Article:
GMC holds a special place in my heart – it’s the first audax I ever rode as a member of AUK. It was the end of my 2015 season, I was bored of TTing, wanted some longer rides and spotted two 300km audaxes starting within a short riding distance of home a week apart, so took the plunge. The other 300 has since fallen off the calendar, but I’m glad to see GMC is still going strong as I honestly think it’s one of the best days out in the South East.
The route and I have both changed since that first running. In 2015, I arrived on my aero bike with 23s, set off slowly in the pack worrying that 300 hilly kms was a very long way and I should conserve my energy… before dropping my group leaving Seaford and riding the remainder solo, arriving back at Ivan’s first.
Contrast with this year, turning up on a steel bike with 28s and dropping the field before the first control, again arriving at Ivan’s first… within about 5 minutes of the time I arrived first time.
For me it seems ‘you never go faster, it just gets easier’… or maybe it’s just the post-LEL food baby I’ve been carrying around slowing me down.
The early dropping of the field was accidental. I arrived early, but made myself late with what I think polite society refers to as ‘a dicky stomach’. I also spent a bit of time getting re-acquainted with one of the ACH lads I’d last met half way through the Pennines while sleep deprived. I caught the rear of the field by the top of the first short climb, reeling in the front-runners over the next couple of miles. There was a coming together at some lights, then the rider ahead was climbing a bit too slowly for me and suddenly I was alone. I wasn’t smashing the climbs, but the adrenaline from a late start probably had me hitting them a touch harder than necessary.
You get a magnificent sunrise heading out toward Ebbsfleet as the road steadily climbs, then drops, then climbs again. What should be a fairly dull dash out East via fairly large roads is actually a pleasant warm up that prepares you nicely for the fun ahead.
After Ebbsfleet, you’re off into the lanes and things start getting vertical, culminating in the climb up the back of Toys Hills from Sundridge. I remember this feeling quite substantial first time… this year it took the turn off to Emmetts Lane for me to realise I was on the first ‘major’ climb. Being on your own you can obviously take things easier and I suspect I was being very lazy on some of the climbs – certainly Kidd’s was taken at a crawl!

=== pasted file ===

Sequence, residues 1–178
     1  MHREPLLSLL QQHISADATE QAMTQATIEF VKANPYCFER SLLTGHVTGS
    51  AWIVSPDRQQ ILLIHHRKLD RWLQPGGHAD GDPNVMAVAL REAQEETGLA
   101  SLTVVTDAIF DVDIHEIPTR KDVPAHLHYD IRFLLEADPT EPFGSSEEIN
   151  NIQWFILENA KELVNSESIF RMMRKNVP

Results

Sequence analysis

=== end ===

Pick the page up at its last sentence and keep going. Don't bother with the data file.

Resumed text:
The descent down to Edenbridge gives you a chance to recharge the batteries and the first control is fully manned, with a cornucopia on every table. Regretfully, I didn’t stay for the feast, but hopped straight back on the bike and headed off just as the next group was arriving. The first controls are always too early for me to be hungry or in need of a stop and I wanted to be home at a sensible time regardless of the obscene amount of climbing still to come.
Once you’ve cleared The Wall and left The Ashdown Forest, the road to Seaford is lumpy, but never hard and the scenery steadily improves as you head for the coast. I fluffed one of the info controls and lost my jacket while photographing another (later rescued by another rider)… I get the need for them, but infos will never make my list of favourite things about audaxing.
Approaching Seaford, you’re faced with the magnificent High and Over. The road steadily grows more lumpy and you spot a chalk horse in the hilltop to your right… then the road ramps up steeply, before easing off. You turn a corner and grind to a crawl as the road points almost straight up. The top gets tantalisingly close and your quads start burning as you grind your teeth and mash your way to the summit. You soft pedal along the flat at the top. You can already barely breathe, but the view takes your breath away. Cliffs, the sea, Seaford unravelling down the hillside. You pick up speed as the road starts to dip and the sea temporarily disappears behind the trees and buildings.